It’s common knowledge that lounging around all day will cause some unwanted bulging at your waistline, particularly if you’re no longer 20 years old. Lying around at night, on the other hand, is a completely different story. Getting the right amount of quality sleep each night may play a big role in keeping your weight where you want it. (Maybe that’s why I was in such good shape in college: I slept until 10 AM four days a week!)
All kidding aside, we recently completed an analysis of StayWell health assessment data and found that people who get seven-to-nine hours of quality sleep each night (like the National Sleep Foundation recommends) tend to have a healthier weight than people who sleep either too little or too much. Specifically, for people who reported the recommended hours of sleep, 31% were obese, compared to 42% of people who got too much or too little sleep. That’s a 26% lower likelihood of being obese.
But let’s expand our horizons a bit and look beyond StayWell data. The connection between sleep and weight has been documented, though it’s less clear than I thought it was. Two reviews of the literature (here and here) have documented at least some discrepancies between studies, noting that more research is necessary to understand the nuances of this relationship. It may differ for workers and non-workers, or for different income groups, and it seems age also plays a role.
To complicate matters even more, stress and depression have also been linked to weight gainso questions remain about the directionality of this relationship, and what role sleep plays. Is it that stress leads to lack of sleep, which leads to weight gain? Or does lack of sleep lead to stress, which leads to weight gain? Or some combination of every possible relationship between those three? At this point it’s not clear.The good news is that getting the appropriate amount of quality sleep might help to decrease both depression and stress.
So why would poor sleep habits be associated with being overweight or obese? There are a few possible reasons for this link. First, it makes logical sense: feeling worn out all the time is a definite deterrent to hitting the gym or lacing up your running shoes. Raise your hand if you’ve experienced this.
This logic has led researchers to examine the question, but the matter isn’t quite settled and is an active area of inquiry. A systematic review published in the Fall of 2015 looked at research on how sleep correlates eating and exercising, i.e. things that effect weight.. Without diving too deeply into this review there were several studies in which people who were intentionally sleep deprived were found to eat more, choose larger portion sizes, and report more hunger. However, in this study and this study, researchers found that reduced sleep led to an increase in energy expenditure. You read that right: lack of sleep somehow made people more active.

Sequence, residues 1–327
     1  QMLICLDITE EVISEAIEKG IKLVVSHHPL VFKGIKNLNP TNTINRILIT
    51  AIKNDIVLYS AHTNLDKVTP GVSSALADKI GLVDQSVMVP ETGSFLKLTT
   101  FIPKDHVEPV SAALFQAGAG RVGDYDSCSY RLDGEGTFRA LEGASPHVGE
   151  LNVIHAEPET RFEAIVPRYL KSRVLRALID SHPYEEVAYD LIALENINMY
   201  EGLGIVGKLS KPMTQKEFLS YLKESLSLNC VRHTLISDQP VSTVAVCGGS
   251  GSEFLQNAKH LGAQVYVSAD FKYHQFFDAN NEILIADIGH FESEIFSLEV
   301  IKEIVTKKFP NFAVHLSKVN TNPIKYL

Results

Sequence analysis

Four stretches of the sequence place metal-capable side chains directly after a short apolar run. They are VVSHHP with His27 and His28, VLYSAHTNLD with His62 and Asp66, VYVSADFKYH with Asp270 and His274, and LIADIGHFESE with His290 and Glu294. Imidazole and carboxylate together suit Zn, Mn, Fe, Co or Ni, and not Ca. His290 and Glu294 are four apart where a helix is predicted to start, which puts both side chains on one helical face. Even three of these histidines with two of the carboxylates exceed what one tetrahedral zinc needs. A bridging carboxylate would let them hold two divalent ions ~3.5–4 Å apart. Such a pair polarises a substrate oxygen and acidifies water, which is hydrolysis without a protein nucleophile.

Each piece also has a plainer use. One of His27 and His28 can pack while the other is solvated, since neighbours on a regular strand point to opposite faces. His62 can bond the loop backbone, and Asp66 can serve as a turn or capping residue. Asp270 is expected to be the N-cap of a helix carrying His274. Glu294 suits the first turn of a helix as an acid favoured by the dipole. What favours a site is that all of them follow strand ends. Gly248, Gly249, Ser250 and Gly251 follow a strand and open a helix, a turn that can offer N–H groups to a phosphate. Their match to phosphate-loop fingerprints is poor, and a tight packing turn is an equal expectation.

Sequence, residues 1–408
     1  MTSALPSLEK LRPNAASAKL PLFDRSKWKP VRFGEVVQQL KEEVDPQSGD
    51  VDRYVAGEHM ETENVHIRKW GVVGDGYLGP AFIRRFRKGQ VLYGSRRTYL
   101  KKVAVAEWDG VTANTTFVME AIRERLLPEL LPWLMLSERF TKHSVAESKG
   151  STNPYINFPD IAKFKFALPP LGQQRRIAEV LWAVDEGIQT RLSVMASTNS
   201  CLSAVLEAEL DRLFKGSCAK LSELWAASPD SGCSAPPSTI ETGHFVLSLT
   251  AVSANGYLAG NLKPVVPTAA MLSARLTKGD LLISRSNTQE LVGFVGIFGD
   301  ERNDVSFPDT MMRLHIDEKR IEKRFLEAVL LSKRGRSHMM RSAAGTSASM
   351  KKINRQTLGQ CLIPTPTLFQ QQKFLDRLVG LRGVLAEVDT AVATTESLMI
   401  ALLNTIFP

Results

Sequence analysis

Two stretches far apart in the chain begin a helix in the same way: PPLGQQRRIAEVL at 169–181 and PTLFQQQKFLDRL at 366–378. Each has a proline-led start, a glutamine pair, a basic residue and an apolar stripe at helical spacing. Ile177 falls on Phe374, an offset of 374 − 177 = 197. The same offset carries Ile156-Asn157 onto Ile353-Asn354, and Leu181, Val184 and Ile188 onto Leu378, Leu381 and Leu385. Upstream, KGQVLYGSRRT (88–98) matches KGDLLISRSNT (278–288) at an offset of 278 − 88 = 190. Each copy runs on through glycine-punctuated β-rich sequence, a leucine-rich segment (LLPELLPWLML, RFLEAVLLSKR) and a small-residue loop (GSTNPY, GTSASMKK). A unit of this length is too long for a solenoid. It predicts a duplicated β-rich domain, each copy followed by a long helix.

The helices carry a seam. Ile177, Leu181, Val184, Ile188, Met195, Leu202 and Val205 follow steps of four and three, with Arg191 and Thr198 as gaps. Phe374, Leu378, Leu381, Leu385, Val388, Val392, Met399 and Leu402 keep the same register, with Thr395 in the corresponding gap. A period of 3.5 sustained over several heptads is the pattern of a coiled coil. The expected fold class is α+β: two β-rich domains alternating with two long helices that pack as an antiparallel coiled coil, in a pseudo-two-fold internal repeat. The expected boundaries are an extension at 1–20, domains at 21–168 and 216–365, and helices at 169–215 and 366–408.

So, while the relationship between sleep (or lack thereof) and body weight has been demonstrated, the jury is still out on whether poor sleep habits actually cause weight gain. Not to mention the mechanism behind it.
Does that mean you don’t need to worry about your sleep? Heck, no. Getting good sleep is still a good idea. And improving your sleep, or maintaining your good habits, doesn’t have to be complicated. To start, set a schedule and stick to it as much as possible. Getting four hours of sleep one night and 12 the next does not average out to a pair of productive, eight-hour nights. It just leaves your sleep schedule scrambled. You can “make up” for lost sleep or sleep debt, but it takes time and in the interim you’re probably not going to be at your best.
To improve your sleep, the National Sleep Foundation has several recommendations, including:
- Stick to a schedule.
- Have a relaxing routine.
- Exercise daily.
- Design your room for sleep.
- Have a comfortable mattress and pillow(s).
- Avoid alcohol and heavy meals in the evening.
- Wind down.
- Avoid working or watching TV in bed.
Finally, though it’s not specifically on the list, some studies (here and here, among others) have found that smartphone use in the evenings may be negatively impacting your ability to sleep. So stay away from your phone at bed time. Don’t worry. Facebook will still be there in the morning. So will Twitter, LinkedIn, Snapchat, Tinder, Reddit, Tumblr, Instagram…
And for employers? Employers can also play a role in helping their employees get the sleep they need. StayWell recently released the StayWell Sleep program to give employees a clearer picture of what can happen when they don’t get enough shut eye. In addition to a module focused specifically on the links between sleep and weight, the program has modules that focus on napping and on the connection between sleep and overall health.
StayWell Sleep educates individuals with articles, videos and other resources that are all designed to build a better understanding of both the importance of sleep and how to improve sleep habits.
Stay tuned for future blogs on the benefits of sleep and how it affects health, but in the meantime, contact email@example.com to learn more.
In good health,
Stefan Gingerich, MS
Senior Research Analyst